Lights in the Darkness   2 comments

Candle Flame

Above:  Candle Flame

Image in the Public Domain

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The Collect:

You are great, O God, and greatly to be praised.

You have made us for yourself, and our hearts are restless until they rest in you.

Grant that we may believe in you, call upon you, know you, and serve you,

through your Son, Jesus Christ, our Savior and Lord.  Amen.

Evangelical Lutheran Worship (2006), page 41

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The Assigned Readings:

Zechariah 1:1-6 (Thursday)

Zechariah 2:6-13 (Friday)

Psalm 145:8-14 (Both Days)

Romans 7:1-6 (Thursday)

Romans 7:7-20 (Friday)

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All your works praise you, O LORD,

and your faithful servants bless you.

They make known the glory of your kingdom

and speak of your power;

That the peoples may know of your power

and the glorious splendor of your kingdom.

–Psalm 145:10-12, The Book of Common Prayer (1979)

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The readings from First Zechariah encourage societal repentance.  The remnant of the Hebrews consisted of descendants of members of a society which had rebelled against God–to the extent of engaging in ritual child sacrifice–and paid terribly for its actions.  The repentance to which God called the Hebrews was not for their sake alone.  No, they were to become a light to the nations; that was their calling.

Each of us, likewise, has a vocation to function as an instrument of God in the midst of those around us at any given moment.  This point brings me to Romans 7.  The law, St. Paul the Apostle reminds us, provides labels for and convicts us of our sins.  We ought to do better, but we cannot succeed on our own power.  As the best part of the chapter, which our lections omit, tells us:

I discover this principle, then:  that when I want to do right, only wrong is within my reach.  In my inmost self, I delight in the law of God, but I perceive in my outward actions a different law that my mind that my mind approves, and making me a prisoner under the law of sin which controls my conduct.  Wretched creature that I am, who is there to rescue me from this state of death?  Who but God?  Thanks be to him through Jesus Christ our Lord!  To sum up then:  left to myself I serve God’s law with my mind, but with my unspiritual nature I serve the law of sin.

–Romans 7:21-25, The Revised English Bible (1989)

And, since society is just people, this principle applies on the societal level also.  As A Brief Statement of Belief (1962) of the former Presbyterian Church in the United States (1861-1983), the old “Southern Presbyterian Church,” summarizes total depravity so well, with a Neo-Orthodox twist:

Sin permeates and corrupts our entire being and burdens us more and more with fear, hostility, guilt, and misery.  Sin operates not only within individuals but also within society as a deceptive and oppressive power so that even men of good will are unconsciously and unwillingly involved in the sins of society.  Man cannot destroy the tyranny of sin in himself or in his world; his only hope is to be delivered from it by God.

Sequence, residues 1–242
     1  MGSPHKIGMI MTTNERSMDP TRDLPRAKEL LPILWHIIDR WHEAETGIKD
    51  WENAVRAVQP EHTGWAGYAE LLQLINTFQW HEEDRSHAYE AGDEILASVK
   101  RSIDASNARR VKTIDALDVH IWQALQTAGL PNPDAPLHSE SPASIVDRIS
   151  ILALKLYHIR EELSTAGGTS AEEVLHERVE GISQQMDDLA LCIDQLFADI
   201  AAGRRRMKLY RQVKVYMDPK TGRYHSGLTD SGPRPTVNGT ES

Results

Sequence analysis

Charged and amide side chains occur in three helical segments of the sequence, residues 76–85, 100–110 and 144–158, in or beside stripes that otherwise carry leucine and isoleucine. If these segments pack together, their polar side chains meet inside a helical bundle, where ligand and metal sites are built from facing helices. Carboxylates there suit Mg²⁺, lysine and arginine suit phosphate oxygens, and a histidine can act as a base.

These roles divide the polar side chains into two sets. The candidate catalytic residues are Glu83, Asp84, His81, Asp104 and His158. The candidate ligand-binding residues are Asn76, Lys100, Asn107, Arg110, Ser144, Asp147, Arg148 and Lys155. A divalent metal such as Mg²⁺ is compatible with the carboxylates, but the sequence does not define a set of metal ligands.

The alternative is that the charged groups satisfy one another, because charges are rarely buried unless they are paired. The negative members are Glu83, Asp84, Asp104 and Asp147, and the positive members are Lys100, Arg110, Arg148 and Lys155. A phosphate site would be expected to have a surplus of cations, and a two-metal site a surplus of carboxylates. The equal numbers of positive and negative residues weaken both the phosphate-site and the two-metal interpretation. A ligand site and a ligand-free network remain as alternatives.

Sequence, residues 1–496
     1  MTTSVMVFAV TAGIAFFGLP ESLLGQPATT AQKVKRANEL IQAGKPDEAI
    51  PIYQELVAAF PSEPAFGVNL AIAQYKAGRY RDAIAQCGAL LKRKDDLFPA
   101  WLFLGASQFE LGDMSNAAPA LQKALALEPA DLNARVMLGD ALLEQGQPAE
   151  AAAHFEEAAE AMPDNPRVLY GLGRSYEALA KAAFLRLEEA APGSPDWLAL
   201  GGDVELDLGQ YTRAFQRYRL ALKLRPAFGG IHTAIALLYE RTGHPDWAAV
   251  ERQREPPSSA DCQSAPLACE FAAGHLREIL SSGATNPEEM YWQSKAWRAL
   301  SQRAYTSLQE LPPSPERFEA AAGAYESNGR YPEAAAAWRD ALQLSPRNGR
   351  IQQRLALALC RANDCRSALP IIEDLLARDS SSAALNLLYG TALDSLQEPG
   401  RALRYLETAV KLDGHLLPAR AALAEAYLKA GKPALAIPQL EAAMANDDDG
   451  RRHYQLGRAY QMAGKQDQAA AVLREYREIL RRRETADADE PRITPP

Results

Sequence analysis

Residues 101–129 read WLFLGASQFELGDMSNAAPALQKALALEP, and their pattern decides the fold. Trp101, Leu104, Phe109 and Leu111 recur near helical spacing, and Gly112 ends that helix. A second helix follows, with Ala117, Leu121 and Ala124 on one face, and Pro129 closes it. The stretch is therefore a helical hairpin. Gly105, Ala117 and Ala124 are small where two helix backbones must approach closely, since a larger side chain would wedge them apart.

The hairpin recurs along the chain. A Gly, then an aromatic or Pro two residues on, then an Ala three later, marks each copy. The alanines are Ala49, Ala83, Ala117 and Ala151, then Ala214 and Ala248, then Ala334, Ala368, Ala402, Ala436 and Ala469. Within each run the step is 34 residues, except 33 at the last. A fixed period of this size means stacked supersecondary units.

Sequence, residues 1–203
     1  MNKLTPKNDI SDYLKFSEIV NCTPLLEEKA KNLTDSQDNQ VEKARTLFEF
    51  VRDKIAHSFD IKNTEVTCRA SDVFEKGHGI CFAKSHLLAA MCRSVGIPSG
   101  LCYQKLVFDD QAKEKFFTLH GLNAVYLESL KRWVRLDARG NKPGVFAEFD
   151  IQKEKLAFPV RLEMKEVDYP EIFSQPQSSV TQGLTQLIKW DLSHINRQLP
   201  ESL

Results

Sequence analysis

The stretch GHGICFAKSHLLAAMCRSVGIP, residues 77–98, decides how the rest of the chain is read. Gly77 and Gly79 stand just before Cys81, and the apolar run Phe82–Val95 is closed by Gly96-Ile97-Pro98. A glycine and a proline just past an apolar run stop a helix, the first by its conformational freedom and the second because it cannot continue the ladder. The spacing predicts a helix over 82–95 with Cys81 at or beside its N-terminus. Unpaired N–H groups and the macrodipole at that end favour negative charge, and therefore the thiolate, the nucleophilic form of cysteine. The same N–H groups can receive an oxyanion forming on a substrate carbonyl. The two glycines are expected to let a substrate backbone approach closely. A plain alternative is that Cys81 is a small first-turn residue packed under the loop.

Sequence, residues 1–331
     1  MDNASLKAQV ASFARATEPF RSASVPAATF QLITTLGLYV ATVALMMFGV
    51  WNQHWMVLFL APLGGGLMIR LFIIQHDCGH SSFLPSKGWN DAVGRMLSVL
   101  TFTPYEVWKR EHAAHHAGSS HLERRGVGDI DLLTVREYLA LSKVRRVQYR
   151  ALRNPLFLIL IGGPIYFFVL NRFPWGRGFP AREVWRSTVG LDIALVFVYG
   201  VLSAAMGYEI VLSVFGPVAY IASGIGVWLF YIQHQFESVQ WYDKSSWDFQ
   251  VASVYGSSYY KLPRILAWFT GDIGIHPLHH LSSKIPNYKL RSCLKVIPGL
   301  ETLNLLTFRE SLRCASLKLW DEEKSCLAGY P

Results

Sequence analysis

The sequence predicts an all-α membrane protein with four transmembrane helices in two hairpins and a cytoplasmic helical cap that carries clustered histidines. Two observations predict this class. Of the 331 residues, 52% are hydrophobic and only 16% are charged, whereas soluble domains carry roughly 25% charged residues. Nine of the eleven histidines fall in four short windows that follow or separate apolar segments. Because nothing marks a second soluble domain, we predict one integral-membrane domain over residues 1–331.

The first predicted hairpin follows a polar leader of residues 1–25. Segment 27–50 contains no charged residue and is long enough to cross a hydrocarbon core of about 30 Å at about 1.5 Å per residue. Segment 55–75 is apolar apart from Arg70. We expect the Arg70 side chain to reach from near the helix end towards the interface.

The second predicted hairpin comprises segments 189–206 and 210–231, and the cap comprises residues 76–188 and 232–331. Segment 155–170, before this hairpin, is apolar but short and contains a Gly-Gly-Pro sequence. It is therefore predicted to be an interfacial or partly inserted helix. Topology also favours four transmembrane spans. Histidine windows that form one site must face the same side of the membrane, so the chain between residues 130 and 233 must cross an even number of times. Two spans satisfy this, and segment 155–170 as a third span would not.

The Confession of Faith of The Presbyterian Church in the United States (Richmond, VA:  Board of Christian Education, 1973), page 332

That quote summarizes many social problems past and present well, does it not?

As for me, I read St. Paul’s words about not doing what he wants to do and doing what he does not want to do and identify with them.  I have, for example, known that God has called me to forgive certain people.  I have wanted to obey that command, but I have been unable to do so on my own power.  I have, in fact, been of two minds on the subject.  But at least I have wanted to obey God; that has been a fine start.  And God has empowered me to do the rest.  So thanks to God, I have found the freedom of forgiveness, which only one who has struggled to forgive can know.

Our duty is to respond favorably to God, who will empower us to do the rest.  Our free will, by which we can say “yes” to God is itself evidence of grace, so we live in the midst of divine graciousness.  May we therefore say with the author of Psalm 145:

The LORD is gracious and full of compassion,

slow to anger and of great kindness.

–Verse 8, The Book of Common Prayer (1979)

Then may we endeavor to act graciously, compassionately, and kindly, becoming be grace beacons of the light of God, seeking to change unjust social and political structures (in which many of us are unwittingly complicit) and inspiring others to do the same.  Hebrew prophets would certainly approve.

KENNETH RANDOLPH TAYLOR

JUNE 2, 2014 COMMON ERA

THE FEAST OF MARGARET E. SANGSTER, HYMN WRITER, NOVELIST, AND DEVOTIONAL WRITER

THE FEAST OF THE MARTYRS OF LYONS (A.K.A. SAINT BLANDINA AND HER COMPANIONS)

THE FEAST OF REINHOLD NIEBUHR, UNITED CHURCH OF CHRIST THEOLOGIAN

THE FEAST OF SAINT STEPHEN OF SWEDEN, ROMAN CATHOLIC MISSIONARY, BISHOP, AND MARTYR

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Adapted from This Post:

http://ordinarytimedevotions.wordpress.com/2014/06/03/devotion-for-thursday-and-friday-before-proper-9-year-a-elca-daily-lectionary/

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